It is known that health risk behaviors (HRBs) can lead to a variety of physical and mental health problems among adolescents, but few studies have paid attention to the relationship between latent classes of HRBs and adolescent diseases. The purpose of this study was to use latent class analysis (LCA) to clarify the potential subgroups of HRBs (smoking, drinking, screen time, non-suicidal self-injuries, suicidal behaviors, and unintentional injuries) and examine the association between the subgroups of HRBs and physical disorders (diarrhea, fever, cough, and vomiting) with multiple logistic regression analysis, in Chinese adolescents. Self-reported HRBs and physical disorders were used to evaluate 22,628 middle school students in six cities of China, from November 2015 to January 2016, based on a multistage stratified cluster sampling approach. The prevalence of diarrhea, fever, cough, and vomiting was 23.5%, 15.9%, 50.6%, and 10.7%, respectively. We identified four latent classes of HRBs by LCA, including low-risk class, moderate-risk class 1 (smoking, drinking, and screen time), moderate-risk class 2 (non-suicidal self-injuries and suicidal behaviors, unintentional injuries), and high-risk class (smoking, drinking, screen time, non-suicidal self-injuries, suicidal behaviors, and unintentional injuries), which were 64.0%, 4.5%, 28.8% and 2.7% of participants, respectively. Compared to the low-risk class, all other classes showed higher risk for these physical disorders (P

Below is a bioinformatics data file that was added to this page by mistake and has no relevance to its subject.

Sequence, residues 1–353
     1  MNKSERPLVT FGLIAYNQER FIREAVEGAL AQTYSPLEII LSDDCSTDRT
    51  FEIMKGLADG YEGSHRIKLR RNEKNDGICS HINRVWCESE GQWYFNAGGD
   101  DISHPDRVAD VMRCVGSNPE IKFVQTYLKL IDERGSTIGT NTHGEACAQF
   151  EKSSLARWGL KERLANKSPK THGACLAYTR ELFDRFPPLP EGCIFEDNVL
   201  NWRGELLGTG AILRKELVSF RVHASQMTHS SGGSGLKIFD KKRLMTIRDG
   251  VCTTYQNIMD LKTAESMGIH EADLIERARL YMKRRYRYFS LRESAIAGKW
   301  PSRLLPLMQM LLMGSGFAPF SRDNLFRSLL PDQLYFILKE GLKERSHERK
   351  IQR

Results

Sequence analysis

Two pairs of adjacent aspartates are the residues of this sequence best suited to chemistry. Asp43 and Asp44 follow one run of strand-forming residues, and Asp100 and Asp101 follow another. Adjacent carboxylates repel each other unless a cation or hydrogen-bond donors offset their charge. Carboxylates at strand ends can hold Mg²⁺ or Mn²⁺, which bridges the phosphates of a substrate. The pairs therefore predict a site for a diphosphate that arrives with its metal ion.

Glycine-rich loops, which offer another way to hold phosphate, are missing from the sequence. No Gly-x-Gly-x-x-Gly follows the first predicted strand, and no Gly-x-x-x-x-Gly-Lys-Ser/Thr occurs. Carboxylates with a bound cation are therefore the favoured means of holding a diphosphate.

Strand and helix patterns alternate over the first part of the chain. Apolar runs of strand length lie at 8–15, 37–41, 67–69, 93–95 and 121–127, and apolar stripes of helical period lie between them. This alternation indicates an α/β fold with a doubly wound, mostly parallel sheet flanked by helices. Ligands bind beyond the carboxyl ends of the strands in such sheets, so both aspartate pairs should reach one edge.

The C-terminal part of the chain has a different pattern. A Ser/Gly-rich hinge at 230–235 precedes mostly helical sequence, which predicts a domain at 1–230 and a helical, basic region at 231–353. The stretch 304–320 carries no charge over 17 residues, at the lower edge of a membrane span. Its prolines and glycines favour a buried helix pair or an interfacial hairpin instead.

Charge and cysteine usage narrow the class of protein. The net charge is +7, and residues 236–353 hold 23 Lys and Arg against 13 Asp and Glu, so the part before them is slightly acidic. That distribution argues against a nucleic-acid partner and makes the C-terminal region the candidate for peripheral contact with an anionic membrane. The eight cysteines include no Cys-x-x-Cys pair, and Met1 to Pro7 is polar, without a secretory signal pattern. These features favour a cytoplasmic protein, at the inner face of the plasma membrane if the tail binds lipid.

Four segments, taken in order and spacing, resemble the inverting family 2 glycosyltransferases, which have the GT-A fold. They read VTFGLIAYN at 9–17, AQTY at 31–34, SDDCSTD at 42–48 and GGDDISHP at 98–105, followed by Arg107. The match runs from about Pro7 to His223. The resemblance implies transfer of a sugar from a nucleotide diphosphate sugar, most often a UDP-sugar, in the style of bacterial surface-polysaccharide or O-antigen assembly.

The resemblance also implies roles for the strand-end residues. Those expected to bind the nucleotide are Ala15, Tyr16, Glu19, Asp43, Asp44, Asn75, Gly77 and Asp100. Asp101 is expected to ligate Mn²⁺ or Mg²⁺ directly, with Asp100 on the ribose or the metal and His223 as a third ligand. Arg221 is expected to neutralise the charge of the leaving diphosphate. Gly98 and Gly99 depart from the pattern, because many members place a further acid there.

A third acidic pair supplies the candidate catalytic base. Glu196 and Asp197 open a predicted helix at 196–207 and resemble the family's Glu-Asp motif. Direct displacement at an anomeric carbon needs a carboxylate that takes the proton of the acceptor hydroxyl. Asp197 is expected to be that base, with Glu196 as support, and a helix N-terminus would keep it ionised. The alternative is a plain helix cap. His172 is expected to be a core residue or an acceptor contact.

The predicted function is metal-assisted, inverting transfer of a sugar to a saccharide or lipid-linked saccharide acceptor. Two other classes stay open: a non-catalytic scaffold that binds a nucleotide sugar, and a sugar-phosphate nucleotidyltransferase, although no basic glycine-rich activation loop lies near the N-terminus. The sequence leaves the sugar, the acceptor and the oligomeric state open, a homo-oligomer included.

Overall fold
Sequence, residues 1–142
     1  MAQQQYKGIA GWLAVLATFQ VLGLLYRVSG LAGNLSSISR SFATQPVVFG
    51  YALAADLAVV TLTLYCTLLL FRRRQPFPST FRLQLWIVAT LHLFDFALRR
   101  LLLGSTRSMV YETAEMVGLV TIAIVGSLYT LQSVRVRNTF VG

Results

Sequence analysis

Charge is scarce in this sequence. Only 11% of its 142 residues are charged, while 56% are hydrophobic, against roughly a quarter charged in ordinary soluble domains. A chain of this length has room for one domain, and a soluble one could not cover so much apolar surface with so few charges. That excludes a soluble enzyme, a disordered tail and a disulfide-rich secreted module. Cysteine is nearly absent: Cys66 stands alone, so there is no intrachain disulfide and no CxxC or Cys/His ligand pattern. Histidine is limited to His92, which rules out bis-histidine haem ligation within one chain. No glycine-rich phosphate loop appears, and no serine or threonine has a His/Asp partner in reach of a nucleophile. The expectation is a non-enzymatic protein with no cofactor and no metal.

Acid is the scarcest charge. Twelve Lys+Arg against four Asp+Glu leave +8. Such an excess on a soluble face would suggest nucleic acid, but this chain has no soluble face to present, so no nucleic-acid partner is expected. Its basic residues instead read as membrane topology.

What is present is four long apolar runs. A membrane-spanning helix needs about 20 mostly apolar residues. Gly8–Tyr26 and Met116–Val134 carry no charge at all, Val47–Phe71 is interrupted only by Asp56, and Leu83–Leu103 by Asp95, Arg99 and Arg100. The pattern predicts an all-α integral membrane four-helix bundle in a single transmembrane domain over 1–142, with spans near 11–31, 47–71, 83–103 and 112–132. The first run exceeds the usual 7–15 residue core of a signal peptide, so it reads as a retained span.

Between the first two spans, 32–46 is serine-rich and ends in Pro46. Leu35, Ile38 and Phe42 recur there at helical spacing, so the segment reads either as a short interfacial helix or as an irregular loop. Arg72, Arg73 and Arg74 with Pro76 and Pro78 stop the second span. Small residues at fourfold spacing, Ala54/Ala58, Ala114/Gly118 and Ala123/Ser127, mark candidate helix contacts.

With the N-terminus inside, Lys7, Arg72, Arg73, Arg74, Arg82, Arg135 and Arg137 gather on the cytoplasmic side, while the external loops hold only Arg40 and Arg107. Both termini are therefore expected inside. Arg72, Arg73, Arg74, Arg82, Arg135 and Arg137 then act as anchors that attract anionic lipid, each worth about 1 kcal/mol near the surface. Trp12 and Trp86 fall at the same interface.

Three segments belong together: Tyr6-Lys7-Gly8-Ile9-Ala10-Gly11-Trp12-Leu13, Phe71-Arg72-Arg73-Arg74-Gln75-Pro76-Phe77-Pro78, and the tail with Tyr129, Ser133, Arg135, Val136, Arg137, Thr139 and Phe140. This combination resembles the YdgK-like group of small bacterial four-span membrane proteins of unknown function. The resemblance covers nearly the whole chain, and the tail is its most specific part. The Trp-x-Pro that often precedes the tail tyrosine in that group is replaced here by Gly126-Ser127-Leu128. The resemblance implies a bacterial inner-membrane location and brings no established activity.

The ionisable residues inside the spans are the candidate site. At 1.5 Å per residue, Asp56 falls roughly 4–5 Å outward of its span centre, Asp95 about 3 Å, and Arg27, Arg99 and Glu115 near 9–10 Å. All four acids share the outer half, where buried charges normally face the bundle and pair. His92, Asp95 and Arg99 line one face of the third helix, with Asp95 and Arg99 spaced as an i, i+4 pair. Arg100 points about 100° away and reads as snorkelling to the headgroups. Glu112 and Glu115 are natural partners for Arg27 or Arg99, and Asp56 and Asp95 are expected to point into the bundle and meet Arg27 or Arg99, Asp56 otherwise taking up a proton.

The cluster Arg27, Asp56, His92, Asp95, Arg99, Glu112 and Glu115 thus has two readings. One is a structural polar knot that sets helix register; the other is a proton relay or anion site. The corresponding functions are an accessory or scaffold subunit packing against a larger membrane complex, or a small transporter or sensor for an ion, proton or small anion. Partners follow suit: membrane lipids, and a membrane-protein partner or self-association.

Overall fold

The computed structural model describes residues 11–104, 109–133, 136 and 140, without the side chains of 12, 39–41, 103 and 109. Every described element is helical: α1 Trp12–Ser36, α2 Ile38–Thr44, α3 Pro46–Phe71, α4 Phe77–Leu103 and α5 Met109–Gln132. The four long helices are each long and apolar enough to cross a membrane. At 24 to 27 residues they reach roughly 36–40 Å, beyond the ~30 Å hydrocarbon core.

< 0.01 for each). In particular, the high-risk class had the highest risk (diarrhea (odds ratio (OR) = 2.628, 95% confidence interval (CI) 2.219 to 3.113), fever (OR = 3.103, 95% CI 2.591 to 3.717), cough (OR = 2.142, 95% CI 1.805 to 2.541), and vomiting (OR = 3.738, 95% CI 3.081 to 4.536). In conclusion, these results indicated that heterogeneity exists in HRBs, and subgroups of HRBs were correlated to the occurrence of common physical disorders in Chinese adolescents. Therefore, multiple HRBs rather than single factors should be considered for the prevention of common physical disorders in schools.